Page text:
The big shareholder groups in Gentex Corporation (NASDAQ:GNTX) have power over the company. Institutions often own shares in more established companies, while it's not unusual to see insiders own a fair bit of smaller companies. Companies that used to be publicly owned tend to have lower insider ownership.
With a market capitalization of US$8.7b, Gentex is rather large. We'd expect to see institutional investors on the register. Companies of this size are usually well known to retail investors, too. Our analysis of the ownership of the company, below, shows that institutions own shares in the company. We can zoom in on the different ownership groups, to learn more about Gentex.
What Does The Institutional Ownership Tell Us About Gentex?
Institutions typically measure themselves against a benchmark when reporting to their own investors, so they often become more enthusiastic about a stock once it's included in a major index. We would expect most companies to have some institutions on the register, especially if they are growing.
Gentex already has institutions on the share registry. Indeed, they own a respectable stake in the company. This can indicate that the company has a certain degree of credibility in the investment community. However, it is best to be wary of relying on the supposed validation that comes with institutional investors. They too, get it wrong sometimes. It is not uncommon to see a big share price drop if two large institutional investors try to sell out of a stock at the same time. So it is worth checking the past earnings trajectory of Gentex, (below). Of course, keep in mind that there are other factors to consider, too.
Investors should note that institutions actually own more than half the company, so they can collectively wield significant power. Gentex is not owned by hedge funds. The Vanguard Group, Inc. is currently the largest shareholder, with 9.4% of shares outstanding. With 8.9% and 3.0% of the shares outstanding respectively, BlackRock, Inc. and Fondsmaeglerselskabet Maj Invest A/S are the second and third largest shareholders.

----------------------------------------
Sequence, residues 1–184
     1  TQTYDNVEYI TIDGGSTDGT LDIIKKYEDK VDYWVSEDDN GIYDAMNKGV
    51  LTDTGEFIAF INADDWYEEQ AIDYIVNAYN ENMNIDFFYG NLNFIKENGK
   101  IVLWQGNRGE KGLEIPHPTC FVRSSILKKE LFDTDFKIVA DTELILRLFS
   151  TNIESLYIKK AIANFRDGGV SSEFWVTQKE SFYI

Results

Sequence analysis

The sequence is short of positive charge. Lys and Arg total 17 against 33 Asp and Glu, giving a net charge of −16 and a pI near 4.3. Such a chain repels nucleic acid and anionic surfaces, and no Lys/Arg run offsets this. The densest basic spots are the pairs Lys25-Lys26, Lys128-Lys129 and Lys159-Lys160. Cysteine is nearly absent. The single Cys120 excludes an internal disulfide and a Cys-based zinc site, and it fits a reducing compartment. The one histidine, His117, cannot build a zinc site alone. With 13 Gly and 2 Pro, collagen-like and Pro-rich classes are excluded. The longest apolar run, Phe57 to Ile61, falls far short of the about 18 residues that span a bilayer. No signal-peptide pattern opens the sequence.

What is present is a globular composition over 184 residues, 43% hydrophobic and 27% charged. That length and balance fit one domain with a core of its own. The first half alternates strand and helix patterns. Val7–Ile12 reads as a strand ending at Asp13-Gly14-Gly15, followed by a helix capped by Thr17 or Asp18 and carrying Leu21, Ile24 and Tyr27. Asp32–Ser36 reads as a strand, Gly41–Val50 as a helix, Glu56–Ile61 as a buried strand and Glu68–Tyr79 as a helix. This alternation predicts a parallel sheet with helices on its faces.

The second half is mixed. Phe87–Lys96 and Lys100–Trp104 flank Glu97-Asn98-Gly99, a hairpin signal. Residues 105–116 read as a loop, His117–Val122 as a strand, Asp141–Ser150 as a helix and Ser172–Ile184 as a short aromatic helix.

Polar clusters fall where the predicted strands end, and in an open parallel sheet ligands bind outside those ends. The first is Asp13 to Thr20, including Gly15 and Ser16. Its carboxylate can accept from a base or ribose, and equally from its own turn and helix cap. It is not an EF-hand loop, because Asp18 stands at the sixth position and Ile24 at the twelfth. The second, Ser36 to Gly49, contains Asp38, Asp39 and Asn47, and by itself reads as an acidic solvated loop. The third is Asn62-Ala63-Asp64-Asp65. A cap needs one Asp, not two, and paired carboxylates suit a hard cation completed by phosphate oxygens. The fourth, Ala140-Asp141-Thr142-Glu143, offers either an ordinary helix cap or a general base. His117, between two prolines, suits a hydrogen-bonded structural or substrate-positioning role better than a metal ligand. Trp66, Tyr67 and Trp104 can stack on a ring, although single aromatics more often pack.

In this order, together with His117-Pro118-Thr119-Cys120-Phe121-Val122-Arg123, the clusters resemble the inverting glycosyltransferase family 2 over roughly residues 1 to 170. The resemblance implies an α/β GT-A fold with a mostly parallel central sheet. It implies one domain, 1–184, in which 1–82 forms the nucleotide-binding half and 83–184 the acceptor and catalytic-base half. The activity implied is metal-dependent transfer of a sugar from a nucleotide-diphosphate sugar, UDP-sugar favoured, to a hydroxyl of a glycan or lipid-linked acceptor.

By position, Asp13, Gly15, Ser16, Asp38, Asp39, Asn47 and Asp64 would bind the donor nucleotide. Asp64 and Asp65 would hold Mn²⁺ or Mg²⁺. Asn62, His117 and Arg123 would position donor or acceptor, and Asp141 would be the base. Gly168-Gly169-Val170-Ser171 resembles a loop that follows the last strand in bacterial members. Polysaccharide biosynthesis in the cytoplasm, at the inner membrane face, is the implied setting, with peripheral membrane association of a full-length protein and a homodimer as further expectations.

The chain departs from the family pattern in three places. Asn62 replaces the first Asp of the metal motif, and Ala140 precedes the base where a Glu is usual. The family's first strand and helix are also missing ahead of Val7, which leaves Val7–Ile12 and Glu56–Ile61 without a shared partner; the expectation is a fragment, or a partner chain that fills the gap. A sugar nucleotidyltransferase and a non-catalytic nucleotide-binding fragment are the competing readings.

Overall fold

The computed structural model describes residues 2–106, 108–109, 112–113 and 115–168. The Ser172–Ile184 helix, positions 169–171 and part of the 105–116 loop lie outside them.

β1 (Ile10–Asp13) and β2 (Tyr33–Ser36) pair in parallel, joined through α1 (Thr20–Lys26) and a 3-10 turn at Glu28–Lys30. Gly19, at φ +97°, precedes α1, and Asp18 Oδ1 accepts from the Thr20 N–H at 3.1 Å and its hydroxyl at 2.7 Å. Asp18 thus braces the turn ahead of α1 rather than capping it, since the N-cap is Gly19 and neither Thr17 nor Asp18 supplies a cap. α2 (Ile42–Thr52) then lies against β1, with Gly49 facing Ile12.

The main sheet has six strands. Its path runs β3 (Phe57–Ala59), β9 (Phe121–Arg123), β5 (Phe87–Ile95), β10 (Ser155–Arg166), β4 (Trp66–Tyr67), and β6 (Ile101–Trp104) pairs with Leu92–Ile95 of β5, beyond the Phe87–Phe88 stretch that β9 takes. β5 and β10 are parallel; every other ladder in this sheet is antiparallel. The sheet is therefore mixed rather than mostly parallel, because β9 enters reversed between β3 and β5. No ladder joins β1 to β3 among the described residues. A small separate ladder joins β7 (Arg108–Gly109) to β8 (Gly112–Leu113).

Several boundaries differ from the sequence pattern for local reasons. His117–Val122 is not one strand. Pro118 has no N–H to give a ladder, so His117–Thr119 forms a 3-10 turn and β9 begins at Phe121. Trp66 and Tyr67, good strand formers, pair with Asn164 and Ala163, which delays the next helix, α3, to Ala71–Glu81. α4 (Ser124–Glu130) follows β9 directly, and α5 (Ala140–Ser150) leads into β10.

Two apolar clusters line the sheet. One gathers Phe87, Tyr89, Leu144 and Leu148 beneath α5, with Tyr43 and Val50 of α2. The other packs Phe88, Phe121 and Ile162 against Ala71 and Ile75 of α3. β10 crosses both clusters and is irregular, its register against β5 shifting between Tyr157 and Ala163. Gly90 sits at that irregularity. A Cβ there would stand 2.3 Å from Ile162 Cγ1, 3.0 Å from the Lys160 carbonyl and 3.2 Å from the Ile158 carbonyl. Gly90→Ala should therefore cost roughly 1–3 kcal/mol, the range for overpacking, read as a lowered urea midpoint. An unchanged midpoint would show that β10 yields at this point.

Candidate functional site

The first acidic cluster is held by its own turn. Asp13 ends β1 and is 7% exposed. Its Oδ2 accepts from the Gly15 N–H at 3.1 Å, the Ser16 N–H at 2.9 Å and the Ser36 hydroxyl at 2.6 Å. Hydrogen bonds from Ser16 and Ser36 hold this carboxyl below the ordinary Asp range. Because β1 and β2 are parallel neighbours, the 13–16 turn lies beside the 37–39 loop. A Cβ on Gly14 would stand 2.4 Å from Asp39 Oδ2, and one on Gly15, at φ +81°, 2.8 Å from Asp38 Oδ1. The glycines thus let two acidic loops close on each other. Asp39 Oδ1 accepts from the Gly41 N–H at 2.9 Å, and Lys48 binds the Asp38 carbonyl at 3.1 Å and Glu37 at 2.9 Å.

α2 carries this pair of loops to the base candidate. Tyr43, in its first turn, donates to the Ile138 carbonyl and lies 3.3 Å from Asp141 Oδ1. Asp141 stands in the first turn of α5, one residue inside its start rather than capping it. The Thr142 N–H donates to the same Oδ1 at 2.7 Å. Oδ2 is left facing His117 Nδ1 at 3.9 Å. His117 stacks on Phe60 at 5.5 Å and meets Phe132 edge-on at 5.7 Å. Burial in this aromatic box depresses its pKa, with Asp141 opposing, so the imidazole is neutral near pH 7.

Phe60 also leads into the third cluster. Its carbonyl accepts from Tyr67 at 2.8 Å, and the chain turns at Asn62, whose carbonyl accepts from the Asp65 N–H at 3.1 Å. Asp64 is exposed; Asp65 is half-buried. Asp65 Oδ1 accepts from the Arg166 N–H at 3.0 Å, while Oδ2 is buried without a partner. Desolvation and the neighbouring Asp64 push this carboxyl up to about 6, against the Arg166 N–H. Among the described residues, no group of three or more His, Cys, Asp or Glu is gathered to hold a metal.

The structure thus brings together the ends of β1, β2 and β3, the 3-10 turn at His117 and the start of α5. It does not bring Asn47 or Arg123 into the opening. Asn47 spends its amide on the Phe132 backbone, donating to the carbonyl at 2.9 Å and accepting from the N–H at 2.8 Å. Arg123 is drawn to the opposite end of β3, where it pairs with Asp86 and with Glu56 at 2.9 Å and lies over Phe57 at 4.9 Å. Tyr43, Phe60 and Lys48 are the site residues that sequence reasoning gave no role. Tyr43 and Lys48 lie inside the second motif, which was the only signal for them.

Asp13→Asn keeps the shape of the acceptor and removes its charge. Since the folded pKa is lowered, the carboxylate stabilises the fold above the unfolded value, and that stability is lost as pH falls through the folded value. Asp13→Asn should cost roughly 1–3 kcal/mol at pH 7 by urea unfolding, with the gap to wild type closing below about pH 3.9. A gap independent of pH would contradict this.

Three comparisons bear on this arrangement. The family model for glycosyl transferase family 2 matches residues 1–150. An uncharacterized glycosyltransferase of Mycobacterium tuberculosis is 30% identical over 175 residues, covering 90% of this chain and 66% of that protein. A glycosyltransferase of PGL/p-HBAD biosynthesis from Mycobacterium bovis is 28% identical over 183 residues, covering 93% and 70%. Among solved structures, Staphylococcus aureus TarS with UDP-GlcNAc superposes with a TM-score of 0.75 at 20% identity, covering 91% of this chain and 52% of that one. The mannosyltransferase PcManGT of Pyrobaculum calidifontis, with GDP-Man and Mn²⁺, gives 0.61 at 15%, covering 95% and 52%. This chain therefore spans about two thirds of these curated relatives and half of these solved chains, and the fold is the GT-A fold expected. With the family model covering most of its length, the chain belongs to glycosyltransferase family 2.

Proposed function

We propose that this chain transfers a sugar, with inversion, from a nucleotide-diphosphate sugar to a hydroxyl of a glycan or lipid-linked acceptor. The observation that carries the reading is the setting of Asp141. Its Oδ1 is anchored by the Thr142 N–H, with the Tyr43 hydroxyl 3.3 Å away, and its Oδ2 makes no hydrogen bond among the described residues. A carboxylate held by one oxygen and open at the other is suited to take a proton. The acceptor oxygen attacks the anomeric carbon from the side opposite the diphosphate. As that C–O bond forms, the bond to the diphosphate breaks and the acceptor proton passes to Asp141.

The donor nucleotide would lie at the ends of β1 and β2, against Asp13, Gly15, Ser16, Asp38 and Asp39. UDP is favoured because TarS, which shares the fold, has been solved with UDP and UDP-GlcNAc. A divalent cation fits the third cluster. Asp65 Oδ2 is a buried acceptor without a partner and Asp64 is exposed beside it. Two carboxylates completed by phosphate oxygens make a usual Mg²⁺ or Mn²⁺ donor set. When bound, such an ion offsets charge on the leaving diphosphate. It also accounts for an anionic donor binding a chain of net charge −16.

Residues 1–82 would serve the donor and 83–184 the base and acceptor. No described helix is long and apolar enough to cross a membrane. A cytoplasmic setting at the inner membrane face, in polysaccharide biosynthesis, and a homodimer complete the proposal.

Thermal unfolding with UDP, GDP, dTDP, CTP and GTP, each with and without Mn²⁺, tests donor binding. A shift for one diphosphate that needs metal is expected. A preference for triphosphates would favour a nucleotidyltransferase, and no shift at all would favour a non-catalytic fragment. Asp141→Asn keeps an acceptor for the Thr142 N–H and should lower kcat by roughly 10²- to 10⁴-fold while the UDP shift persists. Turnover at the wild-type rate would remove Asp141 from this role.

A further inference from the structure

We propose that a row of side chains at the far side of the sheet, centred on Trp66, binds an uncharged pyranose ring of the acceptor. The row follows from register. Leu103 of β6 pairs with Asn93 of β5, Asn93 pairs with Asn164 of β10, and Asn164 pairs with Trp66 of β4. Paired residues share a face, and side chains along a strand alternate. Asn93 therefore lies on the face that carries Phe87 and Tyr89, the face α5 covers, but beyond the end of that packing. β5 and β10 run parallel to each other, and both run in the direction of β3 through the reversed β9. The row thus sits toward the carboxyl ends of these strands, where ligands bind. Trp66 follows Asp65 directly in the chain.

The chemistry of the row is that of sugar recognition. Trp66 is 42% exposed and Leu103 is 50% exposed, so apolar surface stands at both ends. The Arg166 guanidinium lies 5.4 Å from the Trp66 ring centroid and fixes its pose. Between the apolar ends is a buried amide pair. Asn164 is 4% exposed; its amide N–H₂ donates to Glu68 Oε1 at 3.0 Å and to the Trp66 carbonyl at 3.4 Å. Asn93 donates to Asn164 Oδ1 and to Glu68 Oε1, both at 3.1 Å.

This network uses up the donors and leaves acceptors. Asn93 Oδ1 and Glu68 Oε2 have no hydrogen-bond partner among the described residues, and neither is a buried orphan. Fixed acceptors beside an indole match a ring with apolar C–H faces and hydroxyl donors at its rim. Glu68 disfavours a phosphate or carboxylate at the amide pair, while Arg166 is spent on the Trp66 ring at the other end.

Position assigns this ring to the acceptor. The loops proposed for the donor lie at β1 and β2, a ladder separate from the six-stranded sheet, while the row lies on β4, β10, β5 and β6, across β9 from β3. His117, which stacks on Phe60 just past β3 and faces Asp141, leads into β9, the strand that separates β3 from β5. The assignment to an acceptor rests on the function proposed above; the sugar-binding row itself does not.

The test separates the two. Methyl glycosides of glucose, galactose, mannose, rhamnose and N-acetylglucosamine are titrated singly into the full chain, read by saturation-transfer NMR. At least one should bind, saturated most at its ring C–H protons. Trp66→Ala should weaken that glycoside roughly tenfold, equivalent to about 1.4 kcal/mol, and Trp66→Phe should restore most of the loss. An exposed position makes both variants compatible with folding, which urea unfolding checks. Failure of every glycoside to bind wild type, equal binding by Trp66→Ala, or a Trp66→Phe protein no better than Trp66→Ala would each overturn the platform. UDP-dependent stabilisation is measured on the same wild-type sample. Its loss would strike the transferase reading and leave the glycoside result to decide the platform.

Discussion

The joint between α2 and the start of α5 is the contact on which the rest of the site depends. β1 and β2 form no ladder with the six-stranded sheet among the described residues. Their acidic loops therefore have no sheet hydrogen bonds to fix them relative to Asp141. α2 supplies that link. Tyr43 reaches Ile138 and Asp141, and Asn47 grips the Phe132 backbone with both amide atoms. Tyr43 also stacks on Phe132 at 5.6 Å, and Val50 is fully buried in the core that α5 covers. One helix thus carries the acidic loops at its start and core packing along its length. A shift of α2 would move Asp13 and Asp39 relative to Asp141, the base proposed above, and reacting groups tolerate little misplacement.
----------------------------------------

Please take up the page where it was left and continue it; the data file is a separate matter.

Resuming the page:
After doing some more digging, we found that the top 24 have the combined ownership of 50% in the company, suggesting that no single shareholder has significant control over the company.
While it makes sense to study institutional ownership data for a company, it also makes sense to study analyst sentiments to know which way the wind is blowing. There are plenty of analysts covering the stock, so it might be worth seeing what they are forecasting, too.
Insider Ownership Of Gentex
While the precise definition of an insider can be subjective, almost everyone considers board members to be insiders. Management ultimately answers to the board. However, it is not uncommon for managers to be executive board members, especially if they are a founder or the CEO.
I generally consider insider ownership to be a good thing. However, on some occasions it makes it more difficult for other shareholders to hold the board accountable for decisions.
Our most recent data indicates that insiders own less than 1% of Gentex Corporation. As it is a large company, we'd only expect insiders to own a small percentage of it. But it's worth noting that they own US$19m worth of shares. It is always good to see at least some insider ownership, but it might be worth checking if those insiders have been selling.
General Public Ownership
The general public holds a 15% stake in Gentex. While this group can't necessarily call the shots, it can certainly have a real influence on how the company is run.
It's always worth thinking about the different groups who own shares in a company. But to understand Gentex better, we need to consider many other factors.
Many find it useful to take an in depth look at how a company has performed in the past. You can access this detailed graph of past earnings, revenue and cash flow.
If you are like me, you may want to think about whether this company will grow or shrink. Luckily, you can check this free report showing analyst forecasts for its future.
NB: Figures in this article are calculated using data from the last twelve months, which refer to the 12-month period ending on the last date of the month the financial statement is dated. This may not be consistent with full year annual report figures.
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